The story of Deccan Radio

Deccan Radio and Urdu culture, a session on the final day of the Hyderabad Literary Festival 2015, had people from that era share their experiences and anecdotes making the audience smile

Published: 27th January 2015 06:00 AM  |   Last Updated: 27th January 2015 12:24 AM   |  A+A-

Deccan Radio

“Radio is one medium that triggers all senses in a person,” feels Aslam Farshori, one of the leading television and radio personalities in the country. He was one of the panellists at the Deccan Radio and Urdu Culture on the final day of the Hyderabad Literary Festival (HLF) 2015.

The session was a focus on Deccan Radio, its inception and the influence of Urdu on it. Too short a time for the three panellists -- Oudesh Rani Bawa and Manzurul Amin, besides Aslam Farshori, 50 minutes went by with the three of them only recalling this radio’s time briefly.

“It was the first radio station that of Hyderabad State that went officially live on February 3, 1935,” recalls Oudesh Rani Bawa,  known as the human information source about Hyderabad, without any signs of doubt.

“Deccan radio came into existence only 12 years after the radio was set up in the UK. We had very huge microphones that couldn’t be moved. Walls were built using rice husk, making them sound-proof,” she says with a hint of nostalgia.

Aslam Farshori shares the story of how Deccan Radio came to Hyderabad. “Mahboob Ali bhai brought a transmitter and five radio sets from Britain and distributed them. He offered one to the Nizam too. He then set up a station right at his home in Chirag Ali lane in Abids and all programmes were broadcast in Urdu,” he explains. The Nizam then offiicially broadcast it and a station was set up in Khairatabad. This later travelled to other cities and eventually became the All India Radio.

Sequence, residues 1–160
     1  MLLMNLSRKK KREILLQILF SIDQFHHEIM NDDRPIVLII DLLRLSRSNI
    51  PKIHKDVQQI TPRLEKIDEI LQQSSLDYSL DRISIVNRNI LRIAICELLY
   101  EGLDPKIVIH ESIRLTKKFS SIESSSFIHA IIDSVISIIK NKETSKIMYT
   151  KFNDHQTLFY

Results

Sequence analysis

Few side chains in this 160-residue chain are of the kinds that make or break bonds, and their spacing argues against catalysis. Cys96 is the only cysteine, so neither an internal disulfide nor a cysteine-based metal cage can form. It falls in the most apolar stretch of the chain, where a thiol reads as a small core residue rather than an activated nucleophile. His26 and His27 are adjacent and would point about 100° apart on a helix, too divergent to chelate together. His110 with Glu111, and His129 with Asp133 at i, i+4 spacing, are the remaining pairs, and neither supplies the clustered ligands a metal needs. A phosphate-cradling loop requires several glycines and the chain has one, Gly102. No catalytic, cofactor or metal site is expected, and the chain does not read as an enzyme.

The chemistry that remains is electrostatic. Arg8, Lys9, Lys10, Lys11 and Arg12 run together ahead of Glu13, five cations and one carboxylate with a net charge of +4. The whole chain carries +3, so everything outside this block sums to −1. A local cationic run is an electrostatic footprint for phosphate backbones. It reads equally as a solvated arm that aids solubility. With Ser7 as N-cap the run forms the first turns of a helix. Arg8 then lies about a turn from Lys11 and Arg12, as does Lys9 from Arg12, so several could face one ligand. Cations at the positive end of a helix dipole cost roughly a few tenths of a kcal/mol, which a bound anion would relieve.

While the story of the official setting up of this radio station will pop up when you search on the web, the story that it was brought in by this man and was broadcast in that dingy lane in Abids is a lesser known story.

Referring to how the media has undergone a transformation, Aslam says that radio is one medium that introduces one to look deeper into aspects, listen with ears open, communicate well with others and at the same time trigger imagination.

“When you watch television, you watch it without responding -- good or bad, you are made to consume it. But when it is radio, you are imagining and thinking,” he opines, adding, “It has been one medium that has been giving life and at the same time saving lifes.” How? “People who started writing for radio, scripts, jock talks or dramas moved on to writing scripts for television. This later moved to motion pictures and movies. People have just been moving forward in life, all thanks to how radio started,” he says.

The session also had Manzurul Amin, who worked with radio from a few years after its inception. The veteran shared his experiences of how Urdu played a major role at that time.

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